This piece was reprinted by OpEdNews with permission or license. It may not be reproduced in any form without permission or license from the source.
Cross-posted from Consortium News
Terry Halbardier, who -- as a 23-year-old seaman in 1967 -- thwarted Israeli attempts to sink the USS Liberty, died on Aug. 11 in Visalia, California. It took the U.S. government 42 years after the attack to recognize Halbardier's heroism by awarding him the Silver Star, a delay explained by Washington's determination to downplay Israeli responsibility for the 34 Americans killed and the 174 wounded.
On June 8, 1967, during the Six-Day War, the Israeli military attacked the USS Liberty, an American spy ship which had been monitoring Israeli transmissions about the conflict. Intercepted Israeli communications indicated that the goal was to sink the Liberty and leave no survivors.
First, the Liberty, a virtually defenseless intelligence collection platform prominently flying an American flag in international waters, came under deliberate attack by Israeli aircraft and three 60-ton Israeli torpedo boats off the coast of the Sinai on a cloudless June afternoon during the six-day Israeli-Arab war. Second, President Lyndon Johnson called back carrier aircraft dispatched to defend the Liberty lest Israel be embarrassed -- the start of an unconscionable cover-up, including top Navy brass, that persists to this day.
Given all they have been through, the Liberty survivors and other veterans -- who joined Halbardier to celebrate his belated receipt of the Silver Star on May 27, 2009 -- can be forgiven for having doubted that the day of the hero's recognition would ever come.
In the award ceremony at the Visalia (California) office of Rep. Devin Nunes, the Republican congressman pinned the Silver Star next to the Purple Heart that Halbardier found in his home mailbox three years ago. Nunes said, "The government has kept this quiet I think for too long, and I felt as my constituent he [Halbardier] needed to get recognized for the services he made to his country."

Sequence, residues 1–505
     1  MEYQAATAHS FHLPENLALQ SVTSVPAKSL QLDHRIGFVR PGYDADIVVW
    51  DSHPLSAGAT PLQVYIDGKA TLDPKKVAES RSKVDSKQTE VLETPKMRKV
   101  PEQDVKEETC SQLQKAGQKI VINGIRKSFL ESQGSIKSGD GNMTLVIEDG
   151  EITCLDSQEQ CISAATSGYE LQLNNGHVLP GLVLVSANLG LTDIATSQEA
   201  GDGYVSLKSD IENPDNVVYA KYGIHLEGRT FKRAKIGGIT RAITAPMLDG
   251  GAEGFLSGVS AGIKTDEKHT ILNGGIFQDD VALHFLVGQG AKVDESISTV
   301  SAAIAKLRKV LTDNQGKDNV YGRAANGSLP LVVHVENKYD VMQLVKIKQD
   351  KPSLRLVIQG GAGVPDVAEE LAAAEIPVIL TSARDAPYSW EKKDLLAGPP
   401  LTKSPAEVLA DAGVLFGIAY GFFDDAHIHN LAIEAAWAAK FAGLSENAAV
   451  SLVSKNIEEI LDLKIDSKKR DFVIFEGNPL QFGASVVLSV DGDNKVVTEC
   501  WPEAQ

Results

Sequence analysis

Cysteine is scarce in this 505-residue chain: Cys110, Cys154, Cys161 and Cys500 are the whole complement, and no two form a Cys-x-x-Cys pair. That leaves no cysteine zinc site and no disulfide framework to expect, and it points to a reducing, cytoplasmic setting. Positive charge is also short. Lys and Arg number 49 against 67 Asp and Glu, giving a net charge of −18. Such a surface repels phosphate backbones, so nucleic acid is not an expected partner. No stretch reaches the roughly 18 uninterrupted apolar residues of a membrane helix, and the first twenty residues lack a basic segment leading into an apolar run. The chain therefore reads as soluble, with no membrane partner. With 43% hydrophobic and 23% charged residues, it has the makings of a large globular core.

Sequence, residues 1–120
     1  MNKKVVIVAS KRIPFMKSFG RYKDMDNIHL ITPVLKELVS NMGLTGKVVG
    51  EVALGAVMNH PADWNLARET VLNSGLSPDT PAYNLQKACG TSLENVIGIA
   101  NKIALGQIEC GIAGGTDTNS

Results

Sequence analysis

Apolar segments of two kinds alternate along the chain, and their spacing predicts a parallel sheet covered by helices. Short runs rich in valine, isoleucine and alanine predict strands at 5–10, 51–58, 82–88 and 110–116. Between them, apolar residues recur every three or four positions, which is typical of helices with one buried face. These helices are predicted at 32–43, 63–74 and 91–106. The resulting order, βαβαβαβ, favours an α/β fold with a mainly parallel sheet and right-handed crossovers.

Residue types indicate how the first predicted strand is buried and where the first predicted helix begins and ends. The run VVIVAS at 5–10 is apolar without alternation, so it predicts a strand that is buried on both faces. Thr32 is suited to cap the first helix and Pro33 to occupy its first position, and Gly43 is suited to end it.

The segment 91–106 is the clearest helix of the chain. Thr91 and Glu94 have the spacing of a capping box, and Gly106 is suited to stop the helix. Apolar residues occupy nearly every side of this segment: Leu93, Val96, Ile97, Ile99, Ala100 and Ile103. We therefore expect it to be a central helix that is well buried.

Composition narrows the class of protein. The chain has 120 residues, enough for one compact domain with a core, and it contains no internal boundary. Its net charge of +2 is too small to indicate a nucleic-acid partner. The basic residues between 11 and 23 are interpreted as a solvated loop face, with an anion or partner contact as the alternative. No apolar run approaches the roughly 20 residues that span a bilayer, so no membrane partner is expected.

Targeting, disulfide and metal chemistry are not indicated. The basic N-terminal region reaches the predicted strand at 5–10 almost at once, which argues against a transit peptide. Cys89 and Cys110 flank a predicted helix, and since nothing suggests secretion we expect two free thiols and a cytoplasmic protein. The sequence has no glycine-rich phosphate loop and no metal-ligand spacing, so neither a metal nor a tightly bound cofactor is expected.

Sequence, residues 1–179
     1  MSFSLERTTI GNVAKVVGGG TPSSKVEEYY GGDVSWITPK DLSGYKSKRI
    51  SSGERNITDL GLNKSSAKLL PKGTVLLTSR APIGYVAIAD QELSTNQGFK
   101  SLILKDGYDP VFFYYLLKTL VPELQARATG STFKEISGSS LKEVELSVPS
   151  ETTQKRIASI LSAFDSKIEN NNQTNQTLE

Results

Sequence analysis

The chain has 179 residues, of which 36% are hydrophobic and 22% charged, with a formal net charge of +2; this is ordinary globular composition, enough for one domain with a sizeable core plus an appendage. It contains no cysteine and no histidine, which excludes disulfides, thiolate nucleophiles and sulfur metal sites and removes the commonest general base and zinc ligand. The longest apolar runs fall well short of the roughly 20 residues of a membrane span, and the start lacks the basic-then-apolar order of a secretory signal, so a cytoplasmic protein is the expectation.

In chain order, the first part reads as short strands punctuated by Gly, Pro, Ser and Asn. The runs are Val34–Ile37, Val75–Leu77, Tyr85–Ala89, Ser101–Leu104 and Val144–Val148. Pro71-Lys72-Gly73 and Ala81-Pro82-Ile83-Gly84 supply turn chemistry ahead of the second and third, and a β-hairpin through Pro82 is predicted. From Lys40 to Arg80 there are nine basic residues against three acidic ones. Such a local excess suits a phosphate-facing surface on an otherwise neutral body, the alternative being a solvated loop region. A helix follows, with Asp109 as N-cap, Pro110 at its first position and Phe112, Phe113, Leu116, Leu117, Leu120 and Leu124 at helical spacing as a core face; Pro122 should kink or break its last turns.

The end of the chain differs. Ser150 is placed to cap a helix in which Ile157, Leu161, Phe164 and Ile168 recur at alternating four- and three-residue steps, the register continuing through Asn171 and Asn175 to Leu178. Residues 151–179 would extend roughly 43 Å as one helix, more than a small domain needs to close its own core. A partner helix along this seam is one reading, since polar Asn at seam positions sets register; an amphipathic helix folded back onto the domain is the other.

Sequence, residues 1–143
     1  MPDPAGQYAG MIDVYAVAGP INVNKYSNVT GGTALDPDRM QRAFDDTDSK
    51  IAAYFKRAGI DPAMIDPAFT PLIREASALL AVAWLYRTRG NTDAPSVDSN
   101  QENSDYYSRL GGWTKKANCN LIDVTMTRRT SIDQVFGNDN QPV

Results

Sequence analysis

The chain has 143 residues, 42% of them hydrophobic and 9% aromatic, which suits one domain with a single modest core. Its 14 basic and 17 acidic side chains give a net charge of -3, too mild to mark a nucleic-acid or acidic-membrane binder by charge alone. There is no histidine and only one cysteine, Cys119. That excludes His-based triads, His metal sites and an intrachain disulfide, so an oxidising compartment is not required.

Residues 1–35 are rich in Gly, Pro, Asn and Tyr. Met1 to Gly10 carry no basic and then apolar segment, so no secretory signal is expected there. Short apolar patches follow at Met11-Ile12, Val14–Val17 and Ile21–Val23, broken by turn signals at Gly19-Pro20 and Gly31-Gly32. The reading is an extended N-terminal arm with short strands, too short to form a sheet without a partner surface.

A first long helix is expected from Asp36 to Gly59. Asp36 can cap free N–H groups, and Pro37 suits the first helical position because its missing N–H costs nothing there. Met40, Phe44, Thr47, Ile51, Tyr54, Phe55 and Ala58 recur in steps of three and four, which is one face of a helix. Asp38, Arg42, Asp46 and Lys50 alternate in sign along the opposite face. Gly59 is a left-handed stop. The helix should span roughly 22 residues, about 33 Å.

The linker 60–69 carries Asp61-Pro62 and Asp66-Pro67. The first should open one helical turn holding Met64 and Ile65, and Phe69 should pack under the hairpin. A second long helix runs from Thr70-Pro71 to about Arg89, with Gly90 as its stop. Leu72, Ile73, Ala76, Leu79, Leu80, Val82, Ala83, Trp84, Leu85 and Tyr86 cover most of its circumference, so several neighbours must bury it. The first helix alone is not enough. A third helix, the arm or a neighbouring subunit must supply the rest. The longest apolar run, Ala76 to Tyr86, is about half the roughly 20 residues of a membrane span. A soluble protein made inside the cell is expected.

Nunes got that right. Despite the many indignities the Liberty crew has been subjected to, the mood in Visalia was pronouncedly a joyous one of Better (42 years) Late Than Never. And, it did take some time for the moment to sink in: Wow, a gutsy congressman not afraid to let the truth hang out on this delicate issue.
Treatment Accorded the Skipper
I was present that day and I could not get out of my head the contrast between this simple, uncomplicated event and the earlier rigmarole that senior Navy officers went through to pin a richly deserved Medal of Honor on another hero of that day, the Liberty's skipper, Captain William McGonagle.
Although badly wounded by Israeli fire on June 8, 1967, McGonagle was able to keep the bombed, torpedoed, napalmed Liberty afloat and limping toward Malta, where what was left of the bodies of the 34 crewmen killed and the 174 wounded could be attended to. Do the math: yes, killed and wounded amounted to more than two-thirds of the Liberty crew of 294.
I remembered what a naval officer involved in McGonagle's award ceremony told one of the Liberty crew: "The government is pretty jumpy about Israel...the State Department even asked the Israeli ambassador if his government had any objections to McGonagle getting the medal."
When McGonagle received his award, the White House (the normal venue for a Medal of Honor award) was all booked up, it seems, and President Lyndon Johnson (who would have been the usual presenter) was unavailable.
So it fell to the Secretary of the Navy to sneak off to the Washington Navy Yard on the banks of the acrid Anacostia River, where he presented McGonagle with the Medal of Honor and a citation that described the attack but not the identity of the attackers.
Please don't misunderstand. The Liberty crew is not big on ceremony. They are VERY-not-big on politicians who wink when Navy comrades are killed and wounded at sea. The Liberty survivors are big on getting the truth out about what actually happened on that otherwise beautiful day in June 1967.
The award of the Silver Star to Terry Halbardier marked a significant step in the direction of truth telling. Halbardier said he accepted his Silver Star on behalf of the entire 294-man crew. He and fellow survivor Don Pageler expressed particular satisfaction at the wording of the citation, which stated explicitly -- with none of the usual fudging -- the identity of the attackers: "The USS Liberty was attacked by Israeli aircraft and motor torpedo boats in the East Mediterranean Sea...."
In the past, official citations, like Captain McGonagle's, had avoided mentioning Israel by name when alluding to the attack. I think former U.S. Ambassador Edward Peck put it best in condemning this kind of approach as "obsequious, unctuous subservience to the peripheral interests of a foreign nation at the cost of the lives and morale of our own service members and their families." Strong words for a diplomat. But right on.
(Note: You can view every article as one long page if you sign up as an Advocate Member, or higher).